- Gorilla Film Magazine
- This Sunday, the Dweck Center will host a screening of the 1934 silent film, The Goddess.
This week famous authors will publish stories on Twitter, an artist opens two shows in one day and we celebrate every woman in every way. Here are our must-do and must-see events for the week:
Today, photographer Susan Silas will open two shows at Studio 10 and momenta art (both located at 56 Bogart St. at Harrison Pl.). The Studio 10 show, entitled love in the ruins; sex over 50, serves as “a personal diary of sex and sensuality; resilience and the decay of the aging body” while the momenta art show is a dual exhibit with photographer Joy Episalla entitled TO SELVES and features the intimate self-portraits of both women. The opening of both shows will be celebrated tonight with a free reception at momenta art.
Tomorrow afternoon, Williamsburg bar Daddy’s (437 Graham Ave. at Frost St.) will host a pop-up shop dedicated to one-of-a-kind, handmade objects created by several local artists. There will also be on-site live art including custom pet portraits from Tim Harrington of Les Savy Fav (who will also be there to sign his children’s book) and custom knitted patches from Andrew Salomone. The whole event is being curated by Debbie Tuch of Glitterlimes Jewelry whose store specializes in live fruit and candy jewelry. Admission is first come, first serve.
As part of its ongoing Silent Film Series and in honor of Women’s History Month, the Dweck Center at the Brooklyn Public Library (10 Grand Army Plaza at Eastern Pkwy.) will screen Wu Yonggang’s 1934 film The Goddess, which features highly celebrated Chinese actress Ruan Ling-yu as a prostitute struggling to support her son. The screening (which will have English inter-titles) will be accompanied by live music from Bernie Anderson and attendees will be able to purchase the film on DVD. Admission is first come, first serve.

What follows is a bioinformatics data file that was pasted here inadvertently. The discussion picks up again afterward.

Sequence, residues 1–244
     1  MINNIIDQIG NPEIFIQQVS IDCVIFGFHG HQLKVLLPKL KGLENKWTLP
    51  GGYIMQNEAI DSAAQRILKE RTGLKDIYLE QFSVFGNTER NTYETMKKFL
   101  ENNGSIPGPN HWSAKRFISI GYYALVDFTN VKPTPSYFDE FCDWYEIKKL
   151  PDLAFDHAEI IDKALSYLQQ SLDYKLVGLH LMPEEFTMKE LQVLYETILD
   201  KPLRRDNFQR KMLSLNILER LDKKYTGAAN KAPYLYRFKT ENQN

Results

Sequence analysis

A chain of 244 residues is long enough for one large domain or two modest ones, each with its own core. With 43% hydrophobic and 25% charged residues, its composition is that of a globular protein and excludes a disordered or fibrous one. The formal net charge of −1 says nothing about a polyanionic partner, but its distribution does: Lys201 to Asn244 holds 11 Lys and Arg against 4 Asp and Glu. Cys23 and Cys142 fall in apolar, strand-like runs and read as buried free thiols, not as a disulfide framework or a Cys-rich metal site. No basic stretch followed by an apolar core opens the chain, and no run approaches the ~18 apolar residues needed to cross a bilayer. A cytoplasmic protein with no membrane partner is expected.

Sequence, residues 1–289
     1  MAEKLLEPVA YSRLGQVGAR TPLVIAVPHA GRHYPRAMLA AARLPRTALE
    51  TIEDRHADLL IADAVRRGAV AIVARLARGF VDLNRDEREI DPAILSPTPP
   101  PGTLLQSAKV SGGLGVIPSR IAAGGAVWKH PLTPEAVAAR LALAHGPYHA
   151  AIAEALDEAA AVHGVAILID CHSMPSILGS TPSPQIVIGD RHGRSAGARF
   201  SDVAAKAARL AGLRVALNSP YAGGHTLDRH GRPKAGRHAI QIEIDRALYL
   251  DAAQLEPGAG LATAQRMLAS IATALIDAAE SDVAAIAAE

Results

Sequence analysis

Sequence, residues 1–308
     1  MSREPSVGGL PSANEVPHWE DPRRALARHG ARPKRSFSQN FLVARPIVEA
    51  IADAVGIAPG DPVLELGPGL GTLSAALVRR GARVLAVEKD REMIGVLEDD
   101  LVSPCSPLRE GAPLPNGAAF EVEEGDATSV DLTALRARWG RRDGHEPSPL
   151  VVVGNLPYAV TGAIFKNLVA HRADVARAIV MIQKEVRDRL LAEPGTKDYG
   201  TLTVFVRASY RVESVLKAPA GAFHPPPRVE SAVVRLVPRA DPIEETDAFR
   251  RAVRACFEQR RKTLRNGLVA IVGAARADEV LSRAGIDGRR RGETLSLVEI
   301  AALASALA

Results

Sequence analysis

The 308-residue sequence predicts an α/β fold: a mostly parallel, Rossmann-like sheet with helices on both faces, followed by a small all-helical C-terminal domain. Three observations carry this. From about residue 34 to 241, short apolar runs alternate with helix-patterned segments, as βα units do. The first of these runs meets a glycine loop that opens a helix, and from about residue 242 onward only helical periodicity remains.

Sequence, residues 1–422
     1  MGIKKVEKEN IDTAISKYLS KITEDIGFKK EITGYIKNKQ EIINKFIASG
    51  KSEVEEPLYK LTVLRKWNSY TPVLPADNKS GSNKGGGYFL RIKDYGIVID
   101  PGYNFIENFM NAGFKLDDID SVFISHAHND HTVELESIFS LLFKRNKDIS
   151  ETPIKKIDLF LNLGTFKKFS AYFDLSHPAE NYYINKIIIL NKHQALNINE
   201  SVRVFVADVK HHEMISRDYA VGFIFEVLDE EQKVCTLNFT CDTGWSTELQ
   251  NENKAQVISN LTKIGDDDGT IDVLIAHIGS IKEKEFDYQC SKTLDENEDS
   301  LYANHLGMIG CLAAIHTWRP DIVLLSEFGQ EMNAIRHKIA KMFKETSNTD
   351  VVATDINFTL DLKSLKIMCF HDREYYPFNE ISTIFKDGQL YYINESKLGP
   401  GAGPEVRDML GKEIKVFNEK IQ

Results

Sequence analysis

For their monthly Second Sunday series, the Noguchi Museum (9-01 33rd Rd. at Vernon Blvd., Queens) will host an hour-long discussion on the late Isamu Noguchi’s search for style. Brett Littman, Executive Director of The Drawing Center, and Dakin Hart, Senior Curator of The Noguchi Museum, will discuss how drawing is essential to establishing the faculty of design with an emphasis on how Noguchi’s repetitive imitation of “canonical Modernist approaches to abstracting the human figure” helped him establish his own values and style. Admission to the program is free with museum admission.
If museums aren’t quite your scene, the Brooklyn Center for the Performing Arts (2900 Campus Rd. at Flatbush Ave.) will host a performance of Cirque Ziva, a show by China’s Golden Dragon Acrobats. The company was nominated for New York Drama Desk Awards in the Best Choreography and Most Unique Theatrical Experience categories in 2005 and will feature traditional Chinese costumery, ancient and contemporary dance and the kind of “daring heart-stopping stunts” that have kept the company on a non-stop tour since 1978. Tickets can be purchased online.